He didn’t look out of depth at any stage of the Bledisloe Cup or Tri-Nations, and looked the goods as a starting prospect in the 43-5 romp of the Wallabies at No. 8, managing to bag a pair of try assists for Karl Tu’inukuafe and Rieko Ioane.


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One blemish, though, came in the loss to Los Pumas, where he – and all his teammates – were lost for ideas, as evidenced by Sotutu’s enthusiastic but poorly executed cameo off the bench where he left a try begging with a bad pass in the dying stages.

However, all in all, there should be little room for complaint, and Sotutu could stand as a genuine starting prospect this time next year if he continues to develop like he has in 2020.

Shannon Frizell: C

Appearances: 4

Points scored: 0

The fact that Ioane has likely overtaken Shannon Frizell as New Zealand’s first-choice blindside flanker in just two tests gives you all you need to know regarding his lowly scorecard.

It’s not as if Frizell was especially poor across the campaign, although his fragile mentality shown against Argentina, a tackle low tackle success rate of 83 percent and a total of nine turnovers from penalties and general play are points of concern.

Regardless, it’s not as if he thrust himself in any great manner to stake a claim as New Zealand’s long-term No. 6, not in the same way that Ioane has done, leaving the 13-test flanker with a big hurdle to overcome heading into 2021.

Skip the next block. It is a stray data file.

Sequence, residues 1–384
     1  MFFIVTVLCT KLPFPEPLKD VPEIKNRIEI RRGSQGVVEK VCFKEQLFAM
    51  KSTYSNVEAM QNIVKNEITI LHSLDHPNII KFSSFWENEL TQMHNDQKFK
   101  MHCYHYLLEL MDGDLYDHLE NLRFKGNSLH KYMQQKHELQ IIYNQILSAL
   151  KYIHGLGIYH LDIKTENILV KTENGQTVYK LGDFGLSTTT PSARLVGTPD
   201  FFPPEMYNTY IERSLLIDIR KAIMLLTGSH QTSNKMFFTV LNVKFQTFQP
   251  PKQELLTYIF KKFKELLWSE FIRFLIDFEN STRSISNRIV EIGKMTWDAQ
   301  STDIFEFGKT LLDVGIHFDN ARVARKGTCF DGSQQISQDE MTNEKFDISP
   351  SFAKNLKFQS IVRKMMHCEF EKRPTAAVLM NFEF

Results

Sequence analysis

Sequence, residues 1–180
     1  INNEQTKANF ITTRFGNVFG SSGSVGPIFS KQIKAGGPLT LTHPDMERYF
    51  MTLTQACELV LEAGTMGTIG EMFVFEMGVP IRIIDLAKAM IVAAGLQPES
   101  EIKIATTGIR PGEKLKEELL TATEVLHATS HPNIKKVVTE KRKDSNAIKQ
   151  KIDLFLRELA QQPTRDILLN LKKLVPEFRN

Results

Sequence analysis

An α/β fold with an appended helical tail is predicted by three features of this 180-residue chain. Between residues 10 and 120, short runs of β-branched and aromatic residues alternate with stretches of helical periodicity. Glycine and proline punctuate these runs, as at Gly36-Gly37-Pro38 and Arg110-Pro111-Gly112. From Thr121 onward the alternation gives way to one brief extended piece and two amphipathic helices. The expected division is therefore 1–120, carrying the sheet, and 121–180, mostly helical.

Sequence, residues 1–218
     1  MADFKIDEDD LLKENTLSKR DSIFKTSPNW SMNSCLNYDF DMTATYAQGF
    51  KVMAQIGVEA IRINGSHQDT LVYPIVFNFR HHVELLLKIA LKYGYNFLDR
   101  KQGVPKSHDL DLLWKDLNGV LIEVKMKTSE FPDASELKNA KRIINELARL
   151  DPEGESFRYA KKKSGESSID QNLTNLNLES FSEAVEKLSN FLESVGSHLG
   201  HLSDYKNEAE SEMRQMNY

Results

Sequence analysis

Dalton Papalii: C

Appearances: 1

Points scored: 0

The absence of Savea from the opening round of the Tri-Nations gave Dalton Papalii a rare chance in the All Blacks’ match day 23, starting from the bench in Bledisloe III.

In just his fourth test since making his international debut at the end of 2018, the 23-year-old was granted only 12 minutes off the bench in Sydney for his season’s work.

It follows the three minutes he was given against the Springboks last year to unsuccessfully prove his case to make the World Cup squad, and while his powerful talents remain undoubted, Papalii needs more game time to realise his potential in test rugby.

Cullen Grace: N/A

Appearances: 1

Points scored: 0

He may have won his test debut off the bench in Bledisloe IV, but it’s very hard to give Cullen Grace a fair scorecard on the back of just two minutes of international rugby when he didn’t touch the ball and didn’t make a tackle.

Still, the 20-year-old loose forward showed great impetus and looked eager to get stuck in when he was called upon, but it would have been nice to see him get more game time.


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Du’Plessis Kirifi: N/A

Appearances: 0

Points scored: 0

Wellington flanker Du’Plessis Kirifi was pulled from the Mitre 10 Cup to travel to Australia as cover for Savea, who missed the week of the Tri-Nations through paternity leave.

However, as was the case for Otago prop George Bower and Canterbury lock Mitchell Dunshea, Kirifi never featured for the All Blacks, raising questions over whether his precautionary inclusion was necessary at all.